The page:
BLOG – How a Kiwi saved the poker economy

BLOG – How a Kiwi saved the poker economy

Monday, 7 June 2010

Shortly after Simon Watt, a former APPT champion from New Zealand, won the $1,500 Event #11 at the World Series of Poker not half an hour ago as I write this, Mike Matusow burst into the room and cried: "Thank you for saving us all millions of dollars! How does it feel to be every high-stakes gamblers hero? They're gonna, like, put you on the wall in Bobby's Room or some shit."

Tom “durrrr” Dwan would have become legend had he won a bracelet. Alright, he’s already a legend but without the recognition of Joe Public, The Great Unwashed, Donkament Fans, whatever you wanna call ‘em, he isn’t quite there. Had he built a multi-million dollar poker empire and topped it off with a WSOP bracelet at age 23 there would be no doubt of his status.
Of course, he couldn’t care less about the status – his Full Tilt Poker sponsorship has him set for life and he crushes the biggest games going. He just wanted the cold, hard cash that he would receive in prop bets for winning a bracelet.

Dwan has a series of bets going for the next few WSOP tournament and rumour has it that if he won a bracelet he would net himself anywhere from $8m to eight figures. There is no verification for this but it would certainly be more than two million; enough to make the $600,000 first prize that Simon Watt ended up taking home look irrelevant. Dwan won a little under $400,000 in the end but that’s not even two full buy-ins at his usual deepstacked table. It would be like me playing a 3-day tournament to net $100. Of course if I had $20,000 in side bets running...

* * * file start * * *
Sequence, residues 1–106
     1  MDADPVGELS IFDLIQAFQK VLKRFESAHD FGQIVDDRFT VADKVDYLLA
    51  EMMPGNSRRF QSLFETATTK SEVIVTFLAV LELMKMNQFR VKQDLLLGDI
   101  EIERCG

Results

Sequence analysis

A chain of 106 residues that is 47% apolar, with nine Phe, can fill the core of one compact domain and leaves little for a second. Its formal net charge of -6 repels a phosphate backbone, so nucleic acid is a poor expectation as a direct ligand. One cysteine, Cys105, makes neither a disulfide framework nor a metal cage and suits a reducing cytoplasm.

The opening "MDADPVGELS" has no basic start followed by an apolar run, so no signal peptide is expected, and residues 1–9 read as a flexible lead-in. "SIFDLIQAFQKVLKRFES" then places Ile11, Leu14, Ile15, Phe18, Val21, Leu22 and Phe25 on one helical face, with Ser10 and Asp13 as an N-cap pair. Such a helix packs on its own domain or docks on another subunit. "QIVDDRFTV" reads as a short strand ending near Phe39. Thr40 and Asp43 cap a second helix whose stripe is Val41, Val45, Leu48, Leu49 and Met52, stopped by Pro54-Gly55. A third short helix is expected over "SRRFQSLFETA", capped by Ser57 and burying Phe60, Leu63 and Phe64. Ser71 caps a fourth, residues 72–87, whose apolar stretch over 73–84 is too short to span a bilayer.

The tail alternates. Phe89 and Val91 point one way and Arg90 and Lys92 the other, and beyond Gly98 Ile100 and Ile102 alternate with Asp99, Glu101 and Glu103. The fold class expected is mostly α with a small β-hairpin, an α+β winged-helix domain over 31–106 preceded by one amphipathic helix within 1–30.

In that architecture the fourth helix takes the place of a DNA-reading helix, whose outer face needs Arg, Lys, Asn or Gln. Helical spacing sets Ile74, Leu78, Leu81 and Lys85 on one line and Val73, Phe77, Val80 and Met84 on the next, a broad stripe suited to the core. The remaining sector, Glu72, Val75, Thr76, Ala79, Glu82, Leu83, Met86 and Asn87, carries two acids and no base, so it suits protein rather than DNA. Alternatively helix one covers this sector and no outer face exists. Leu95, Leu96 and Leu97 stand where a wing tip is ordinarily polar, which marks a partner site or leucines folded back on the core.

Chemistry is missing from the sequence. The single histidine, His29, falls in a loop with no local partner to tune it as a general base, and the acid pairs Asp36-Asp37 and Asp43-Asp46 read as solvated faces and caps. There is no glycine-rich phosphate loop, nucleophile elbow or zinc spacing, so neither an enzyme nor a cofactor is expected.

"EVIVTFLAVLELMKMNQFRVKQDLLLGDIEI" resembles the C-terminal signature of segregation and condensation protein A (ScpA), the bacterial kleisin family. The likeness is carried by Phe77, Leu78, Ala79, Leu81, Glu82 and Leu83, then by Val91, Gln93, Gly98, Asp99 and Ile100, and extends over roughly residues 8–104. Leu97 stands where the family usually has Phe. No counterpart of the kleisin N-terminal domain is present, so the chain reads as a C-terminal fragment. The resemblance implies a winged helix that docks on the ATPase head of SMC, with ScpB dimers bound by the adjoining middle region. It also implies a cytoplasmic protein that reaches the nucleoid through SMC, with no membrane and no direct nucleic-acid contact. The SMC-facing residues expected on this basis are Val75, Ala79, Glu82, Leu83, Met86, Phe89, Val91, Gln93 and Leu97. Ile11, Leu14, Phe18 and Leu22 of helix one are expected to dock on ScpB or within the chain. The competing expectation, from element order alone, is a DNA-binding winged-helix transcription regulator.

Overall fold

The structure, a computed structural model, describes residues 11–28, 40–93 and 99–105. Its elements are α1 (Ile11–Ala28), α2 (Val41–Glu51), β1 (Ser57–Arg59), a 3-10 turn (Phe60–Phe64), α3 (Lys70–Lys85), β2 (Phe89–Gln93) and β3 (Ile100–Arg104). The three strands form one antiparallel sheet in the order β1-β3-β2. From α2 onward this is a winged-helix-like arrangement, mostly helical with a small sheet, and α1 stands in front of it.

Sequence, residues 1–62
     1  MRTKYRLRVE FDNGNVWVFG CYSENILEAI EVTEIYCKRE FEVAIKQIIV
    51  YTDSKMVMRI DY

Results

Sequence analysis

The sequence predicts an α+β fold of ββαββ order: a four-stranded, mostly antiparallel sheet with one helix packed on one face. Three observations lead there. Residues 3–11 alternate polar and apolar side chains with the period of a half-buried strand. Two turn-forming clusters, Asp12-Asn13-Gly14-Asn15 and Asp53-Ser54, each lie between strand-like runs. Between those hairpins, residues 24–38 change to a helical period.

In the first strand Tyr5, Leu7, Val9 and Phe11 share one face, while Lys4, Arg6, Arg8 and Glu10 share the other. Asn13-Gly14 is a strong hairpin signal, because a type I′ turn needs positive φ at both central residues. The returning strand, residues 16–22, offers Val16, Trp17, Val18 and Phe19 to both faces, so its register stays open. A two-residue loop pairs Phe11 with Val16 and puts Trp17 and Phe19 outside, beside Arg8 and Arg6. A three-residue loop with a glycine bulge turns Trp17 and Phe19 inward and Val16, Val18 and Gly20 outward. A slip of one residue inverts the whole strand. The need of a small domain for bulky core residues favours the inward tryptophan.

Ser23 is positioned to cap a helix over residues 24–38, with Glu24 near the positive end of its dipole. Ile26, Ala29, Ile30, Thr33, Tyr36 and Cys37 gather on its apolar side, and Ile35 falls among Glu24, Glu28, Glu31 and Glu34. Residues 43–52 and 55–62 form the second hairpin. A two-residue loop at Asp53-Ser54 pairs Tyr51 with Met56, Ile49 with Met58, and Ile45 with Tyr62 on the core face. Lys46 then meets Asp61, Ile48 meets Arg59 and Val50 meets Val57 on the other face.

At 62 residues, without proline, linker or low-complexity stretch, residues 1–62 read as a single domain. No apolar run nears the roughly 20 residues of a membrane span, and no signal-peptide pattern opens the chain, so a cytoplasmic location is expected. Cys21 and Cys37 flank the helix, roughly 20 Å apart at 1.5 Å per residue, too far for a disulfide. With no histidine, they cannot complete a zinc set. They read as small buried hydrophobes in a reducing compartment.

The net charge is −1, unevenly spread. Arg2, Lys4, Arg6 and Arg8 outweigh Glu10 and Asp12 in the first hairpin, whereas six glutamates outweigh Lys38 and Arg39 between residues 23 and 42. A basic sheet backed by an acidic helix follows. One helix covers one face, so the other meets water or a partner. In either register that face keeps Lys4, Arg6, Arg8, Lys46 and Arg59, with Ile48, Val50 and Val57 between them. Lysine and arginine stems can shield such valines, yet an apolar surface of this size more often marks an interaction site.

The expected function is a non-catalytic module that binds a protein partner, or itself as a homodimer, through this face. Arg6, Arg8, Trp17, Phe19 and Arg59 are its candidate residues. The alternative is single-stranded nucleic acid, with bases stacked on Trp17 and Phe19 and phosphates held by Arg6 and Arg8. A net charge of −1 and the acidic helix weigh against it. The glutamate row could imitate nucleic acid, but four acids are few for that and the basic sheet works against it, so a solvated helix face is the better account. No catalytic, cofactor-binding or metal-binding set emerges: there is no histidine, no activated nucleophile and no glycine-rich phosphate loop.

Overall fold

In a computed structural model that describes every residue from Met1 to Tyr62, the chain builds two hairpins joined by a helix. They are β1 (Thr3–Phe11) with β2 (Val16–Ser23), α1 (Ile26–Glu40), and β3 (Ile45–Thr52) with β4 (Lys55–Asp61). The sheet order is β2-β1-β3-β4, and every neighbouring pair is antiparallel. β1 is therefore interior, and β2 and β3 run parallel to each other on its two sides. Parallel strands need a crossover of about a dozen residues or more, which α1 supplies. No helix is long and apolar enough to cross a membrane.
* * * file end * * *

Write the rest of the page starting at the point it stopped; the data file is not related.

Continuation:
But he didn’t and that was that. Even durrrr can’t overcome a huge chip deficit and the luck-ridden laws of donkaments. Speaking of donkaments, the $10,000 Stud event concluded with Men “The Master” Nguyen taking down his seventh bracelet. Nguyen's victory won't be the most popular of this year's WSOP as he has something of a reputation. There have been accusations from such reliable poker figures as Daniel Negreanu and John Juanda of Nguyen:

Stealing chips from tournaments to use in bigger buy-in events
Soft-playing those he stakes
Forcing staked players to lose pots to him
Being a general douche at the table

It’s people like him who give the game a terrible name and the fact that he has netted a number of bracelets equal to standout characters and legends such as Erik Seidel and Phil Ivey is just a bit... wrong, no?

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